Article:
Nov. 23 (Bloomberg) -- China Xiniya Fashion Ltd. sold its $88 million U.S. initial public offering at the top of the price range, while Zogenix Inc., a developer of treatments for central nervous system disorders, raised $56 million.
China Xiniya, a designer of men’s business clothes in China’s Fujian province, sold 8 million American depositary receipts at $11 apiece, according to a filing with the Securities and Exchange Commission and data compiled by Bloomberg. San Diego-based Zogenix priced 14 million shares at $4 apiece after originally offering 6 million at $12 to $14.
The deals followed the biggest week for U.S. initial sales since March 2008, according to data compiled by Bloomberg. The IPO market has stabilized after 61 offerings were postponed or withdrawn this year, with companies from General Motors Co. to LPL Investment Holdings Inc. raising more than $17 billion combined last week as the Standard & Poor’s 500 Index traded near a two-year high.
“You’re seeing a continuation of that confidence in the equity markets,” said Sean Kraus, who oversees about $2.2 billion as chief investment officer at Citizens Business Bank in Pasadena, California. Investors are “a little bit more comfortable with IPOs, even those that may not have been able to get done a few months ago,” he said.
China Xiniya slid 9.6 percent to $9.95 in New York Stock Exchange trading today. Zogenix lost 0.5 percent to $3.98 in Nasdaq Stock Market trading after earlier surging as much as 34 percent to $5.35.
The shares retreated as the S&P 500 slumped 1.4 percent today, after fighting broke out between North and South Korea and concern grew that Europe’s debt crisis and China’s efforts to tame inflation will slow the global economic rebound.
“It’s a sentiment-driven market right now,” said Josef Schuster, the Chicago-based founder of IPOX Capital Management LLC, which oversees $3 billion. “Investors are getting a little worried about what’s happening in domestic China.”
China’s government in the past month stepped up a campaign to limit credit expansion after inflation quickened and property prices surged. The country’s biggest banks are poised to hit government-set caps on lending and plan to stop expanding their loan books to avoid exceeding the annual quotas, according to four people with knowledge of the matter.
Chinese companies have posted five of this year’s twelve best performances among IPOs on New York exchanges this year, data compiled by Bloomberg show. The nation’s economy will grow 9 percent next year, more than three times as fast as the U.S., according to estimates compiled by Bloomberg.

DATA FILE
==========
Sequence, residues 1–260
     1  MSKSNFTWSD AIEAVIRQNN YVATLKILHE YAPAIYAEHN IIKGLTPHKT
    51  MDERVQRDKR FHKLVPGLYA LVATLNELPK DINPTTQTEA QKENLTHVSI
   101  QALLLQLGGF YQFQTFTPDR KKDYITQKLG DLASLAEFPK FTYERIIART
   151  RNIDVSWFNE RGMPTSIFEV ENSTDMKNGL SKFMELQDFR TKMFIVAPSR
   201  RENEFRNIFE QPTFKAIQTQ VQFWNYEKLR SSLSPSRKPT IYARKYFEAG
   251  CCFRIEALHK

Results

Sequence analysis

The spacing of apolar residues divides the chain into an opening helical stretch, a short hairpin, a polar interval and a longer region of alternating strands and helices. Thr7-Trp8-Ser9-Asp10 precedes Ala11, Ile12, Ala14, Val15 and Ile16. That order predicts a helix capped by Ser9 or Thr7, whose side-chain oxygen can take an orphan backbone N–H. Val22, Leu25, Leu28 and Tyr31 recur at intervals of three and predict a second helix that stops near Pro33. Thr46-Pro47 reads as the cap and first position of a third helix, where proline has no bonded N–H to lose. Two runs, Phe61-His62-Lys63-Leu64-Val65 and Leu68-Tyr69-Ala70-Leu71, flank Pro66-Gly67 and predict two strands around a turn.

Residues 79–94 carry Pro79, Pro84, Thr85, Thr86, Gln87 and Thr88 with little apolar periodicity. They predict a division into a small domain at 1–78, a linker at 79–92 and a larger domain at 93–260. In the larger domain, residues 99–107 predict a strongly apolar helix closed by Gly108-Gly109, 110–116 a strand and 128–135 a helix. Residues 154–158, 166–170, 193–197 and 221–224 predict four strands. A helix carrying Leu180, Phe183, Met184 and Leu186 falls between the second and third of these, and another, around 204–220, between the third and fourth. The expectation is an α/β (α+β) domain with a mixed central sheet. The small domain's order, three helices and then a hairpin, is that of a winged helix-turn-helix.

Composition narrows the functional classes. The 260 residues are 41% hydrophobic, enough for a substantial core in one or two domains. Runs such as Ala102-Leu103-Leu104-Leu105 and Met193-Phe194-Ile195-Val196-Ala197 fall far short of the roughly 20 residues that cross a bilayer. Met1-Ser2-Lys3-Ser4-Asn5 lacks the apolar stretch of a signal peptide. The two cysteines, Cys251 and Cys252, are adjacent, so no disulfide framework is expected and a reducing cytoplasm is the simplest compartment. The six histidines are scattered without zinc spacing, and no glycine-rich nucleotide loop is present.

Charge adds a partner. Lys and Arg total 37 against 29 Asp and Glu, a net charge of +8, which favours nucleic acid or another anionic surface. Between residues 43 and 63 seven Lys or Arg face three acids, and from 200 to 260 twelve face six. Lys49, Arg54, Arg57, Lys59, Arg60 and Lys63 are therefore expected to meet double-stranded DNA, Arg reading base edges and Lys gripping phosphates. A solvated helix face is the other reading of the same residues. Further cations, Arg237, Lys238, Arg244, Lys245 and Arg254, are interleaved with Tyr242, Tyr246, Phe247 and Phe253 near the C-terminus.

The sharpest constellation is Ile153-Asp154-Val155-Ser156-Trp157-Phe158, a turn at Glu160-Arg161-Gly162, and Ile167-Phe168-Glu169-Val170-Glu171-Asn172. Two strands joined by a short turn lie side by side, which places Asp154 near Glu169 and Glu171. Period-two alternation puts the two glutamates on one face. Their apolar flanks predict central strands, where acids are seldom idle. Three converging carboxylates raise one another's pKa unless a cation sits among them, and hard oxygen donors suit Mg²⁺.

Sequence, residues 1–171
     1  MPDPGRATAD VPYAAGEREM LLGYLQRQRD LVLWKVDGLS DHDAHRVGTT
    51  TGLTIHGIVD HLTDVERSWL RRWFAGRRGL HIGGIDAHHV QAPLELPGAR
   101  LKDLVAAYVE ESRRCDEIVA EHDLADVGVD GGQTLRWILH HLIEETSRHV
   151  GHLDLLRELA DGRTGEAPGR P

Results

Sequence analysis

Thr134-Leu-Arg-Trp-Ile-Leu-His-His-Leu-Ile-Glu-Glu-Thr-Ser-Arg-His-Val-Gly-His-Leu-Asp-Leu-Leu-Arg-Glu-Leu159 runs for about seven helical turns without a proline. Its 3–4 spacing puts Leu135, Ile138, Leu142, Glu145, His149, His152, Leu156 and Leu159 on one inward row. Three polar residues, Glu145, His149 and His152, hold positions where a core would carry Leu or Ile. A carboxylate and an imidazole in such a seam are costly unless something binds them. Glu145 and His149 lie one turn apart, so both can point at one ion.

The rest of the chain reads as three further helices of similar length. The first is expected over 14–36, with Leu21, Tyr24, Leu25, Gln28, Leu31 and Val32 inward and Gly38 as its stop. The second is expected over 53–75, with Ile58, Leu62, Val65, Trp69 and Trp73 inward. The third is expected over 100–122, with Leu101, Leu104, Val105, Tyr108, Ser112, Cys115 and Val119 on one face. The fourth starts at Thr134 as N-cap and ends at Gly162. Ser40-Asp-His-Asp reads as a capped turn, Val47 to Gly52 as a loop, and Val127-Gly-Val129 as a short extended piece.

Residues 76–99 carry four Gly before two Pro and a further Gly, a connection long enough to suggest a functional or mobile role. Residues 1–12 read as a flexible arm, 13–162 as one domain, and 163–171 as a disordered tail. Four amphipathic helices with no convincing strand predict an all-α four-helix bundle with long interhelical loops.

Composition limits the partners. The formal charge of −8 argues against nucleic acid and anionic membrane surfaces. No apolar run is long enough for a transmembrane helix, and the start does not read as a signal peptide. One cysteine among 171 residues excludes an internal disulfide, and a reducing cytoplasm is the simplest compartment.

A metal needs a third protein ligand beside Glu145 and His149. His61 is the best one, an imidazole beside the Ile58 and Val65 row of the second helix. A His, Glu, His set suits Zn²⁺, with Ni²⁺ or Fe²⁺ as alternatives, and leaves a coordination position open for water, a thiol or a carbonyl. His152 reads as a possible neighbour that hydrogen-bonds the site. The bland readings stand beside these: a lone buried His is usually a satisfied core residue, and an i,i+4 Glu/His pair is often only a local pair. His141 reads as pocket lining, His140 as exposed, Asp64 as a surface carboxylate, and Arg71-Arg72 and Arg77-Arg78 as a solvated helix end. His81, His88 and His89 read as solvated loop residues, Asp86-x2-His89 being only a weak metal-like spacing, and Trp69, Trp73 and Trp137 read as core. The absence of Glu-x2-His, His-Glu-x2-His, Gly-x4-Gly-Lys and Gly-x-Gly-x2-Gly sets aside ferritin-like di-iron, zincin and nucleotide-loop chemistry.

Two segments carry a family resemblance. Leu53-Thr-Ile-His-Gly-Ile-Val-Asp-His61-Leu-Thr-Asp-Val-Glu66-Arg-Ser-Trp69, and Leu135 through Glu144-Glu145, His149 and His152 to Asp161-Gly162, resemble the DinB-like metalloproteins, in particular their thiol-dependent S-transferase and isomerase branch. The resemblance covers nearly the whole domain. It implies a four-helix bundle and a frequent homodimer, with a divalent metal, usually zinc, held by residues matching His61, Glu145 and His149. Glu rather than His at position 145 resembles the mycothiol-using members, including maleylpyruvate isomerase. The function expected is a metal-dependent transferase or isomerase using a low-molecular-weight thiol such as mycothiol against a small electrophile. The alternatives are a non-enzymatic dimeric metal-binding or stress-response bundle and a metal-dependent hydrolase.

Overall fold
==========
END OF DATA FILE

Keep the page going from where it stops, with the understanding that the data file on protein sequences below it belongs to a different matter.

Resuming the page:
ChinaCache International Holdings Ltd., the Beijing-based provider of content for business websites, had the biggest first-day rally on New York exchanges in three years, jumping 95 percent on Oct. 1, data compiled by Bloomberg show.
SouFun Holdings Ltd., the Beijing-based operator of China’s largest property website, surged 73 percent on Sept. 17 after selling its $125 million IPO at the top of the forecast range.
Cowen & Co. led China Xiniya’s offering. The designer and manufacturer of men’s business apparel and accessories will use proceeds from the IPO to build new manufacturing facilities, open stores and develop new products, the prospectus said.
Syswin Inc., a Beijing-based real estate agency, delayed its U.S. IPO scheduled for yesterday, data compiled by Bloomberg show. The company will now sell 9.6 million shares at $7 to $8 apiece after originally offering 12 million shares at $9.25 to $11.25, according to an SEC filing. New York-based Morgan Stanley is leading the offering, the prospectus said.
Wells Fargo & Co. of San Francisco and Boston-based Leerink Swann & Co. arranged Zogenix’s sale. The company will use proceeds to fund clinical trials and the commercialization of its treatment for migraines, according to the SEC filing.
Zogenix, which had no revenue until this year, posted sales of $14.6 million in the first nine months of 2010, the filing said. The company’s net loss widened to $71.4 million from $39.7 million a year earlier.
GM of Detroit sold $15.8 billion of common shares last week in the second-largest U.S. IPO on record, data compiled by Bloomberg show. Boston-based LPL, the brokerage and investment advisory firm owned by TPG Capital and Hellman & Friedman LLC, raised $517 million including its overallotment option.
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